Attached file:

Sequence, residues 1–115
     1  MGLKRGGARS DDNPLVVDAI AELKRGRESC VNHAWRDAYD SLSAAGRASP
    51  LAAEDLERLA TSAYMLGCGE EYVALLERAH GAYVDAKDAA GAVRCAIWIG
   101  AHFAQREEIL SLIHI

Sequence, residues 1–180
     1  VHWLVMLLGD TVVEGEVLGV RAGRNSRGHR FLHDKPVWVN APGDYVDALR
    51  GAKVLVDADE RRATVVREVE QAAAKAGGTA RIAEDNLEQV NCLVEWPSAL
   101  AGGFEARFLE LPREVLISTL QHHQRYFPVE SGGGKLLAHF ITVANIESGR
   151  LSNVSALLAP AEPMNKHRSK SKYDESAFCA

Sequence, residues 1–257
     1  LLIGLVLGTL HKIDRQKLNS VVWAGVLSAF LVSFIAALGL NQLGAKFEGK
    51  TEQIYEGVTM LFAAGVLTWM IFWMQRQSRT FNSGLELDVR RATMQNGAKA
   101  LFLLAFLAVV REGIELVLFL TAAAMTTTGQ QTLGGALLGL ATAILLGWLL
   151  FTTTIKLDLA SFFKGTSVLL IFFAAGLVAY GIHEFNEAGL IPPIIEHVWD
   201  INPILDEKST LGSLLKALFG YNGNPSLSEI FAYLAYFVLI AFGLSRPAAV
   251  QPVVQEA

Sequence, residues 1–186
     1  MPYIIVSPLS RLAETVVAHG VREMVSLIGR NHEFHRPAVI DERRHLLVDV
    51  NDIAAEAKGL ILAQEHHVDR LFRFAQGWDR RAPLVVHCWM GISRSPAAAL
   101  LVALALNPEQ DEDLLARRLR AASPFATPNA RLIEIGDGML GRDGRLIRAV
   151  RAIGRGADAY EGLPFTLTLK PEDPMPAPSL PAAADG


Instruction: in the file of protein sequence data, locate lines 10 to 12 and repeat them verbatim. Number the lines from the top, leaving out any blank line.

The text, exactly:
Sequence, residues 1–257
     1  LLIGLVLGTL HKIDRQKLNS VVWAGVLSAF LVSFIAALGL NQLGAKFEGK
    51  TEQIYEGVTM LFAAGVLTWM IFWMQRQSRT FNSGLELDVR RATMQNGAKA